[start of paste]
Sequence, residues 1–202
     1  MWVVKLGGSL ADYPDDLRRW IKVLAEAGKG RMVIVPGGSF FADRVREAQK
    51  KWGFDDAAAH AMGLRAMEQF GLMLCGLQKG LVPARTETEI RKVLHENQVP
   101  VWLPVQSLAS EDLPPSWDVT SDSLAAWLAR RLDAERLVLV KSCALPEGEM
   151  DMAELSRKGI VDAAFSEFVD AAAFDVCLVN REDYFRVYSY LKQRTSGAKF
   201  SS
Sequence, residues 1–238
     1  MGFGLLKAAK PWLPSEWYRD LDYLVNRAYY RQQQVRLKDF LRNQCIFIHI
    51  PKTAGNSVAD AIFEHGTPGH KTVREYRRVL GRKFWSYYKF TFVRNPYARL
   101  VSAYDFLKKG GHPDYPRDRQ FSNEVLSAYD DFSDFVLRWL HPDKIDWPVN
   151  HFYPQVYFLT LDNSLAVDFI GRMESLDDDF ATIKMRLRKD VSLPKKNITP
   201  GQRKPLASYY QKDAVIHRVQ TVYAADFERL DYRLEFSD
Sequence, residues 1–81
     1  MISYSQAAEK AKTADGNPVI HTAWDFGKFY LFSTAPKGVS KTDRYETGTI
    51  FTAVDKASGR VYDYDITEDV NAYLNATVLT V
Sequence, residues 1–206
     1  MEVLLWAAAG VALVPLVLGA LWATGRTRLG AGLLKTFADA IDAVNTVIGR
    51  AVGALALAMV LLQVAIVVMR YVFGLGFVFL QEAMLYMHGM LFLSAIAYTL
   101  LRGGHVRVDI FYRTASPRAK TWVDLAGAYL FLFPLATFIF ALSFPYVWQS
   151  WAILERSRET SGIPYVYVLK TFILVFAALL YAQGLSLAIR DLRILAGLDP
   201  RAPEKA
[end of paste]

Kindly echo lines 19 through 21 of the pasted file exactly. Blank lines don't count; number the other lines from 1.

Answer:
   101  LRGGHVRVDI FYRTASPRAK TWVDLAGAYL FLFPLATFIF ALSFPYVWQS
   151  WAILERSRET SGIPYVYVLK TFILVFAALL YAQGLSLAIR DLRILAGLDP
   201  RAPEKA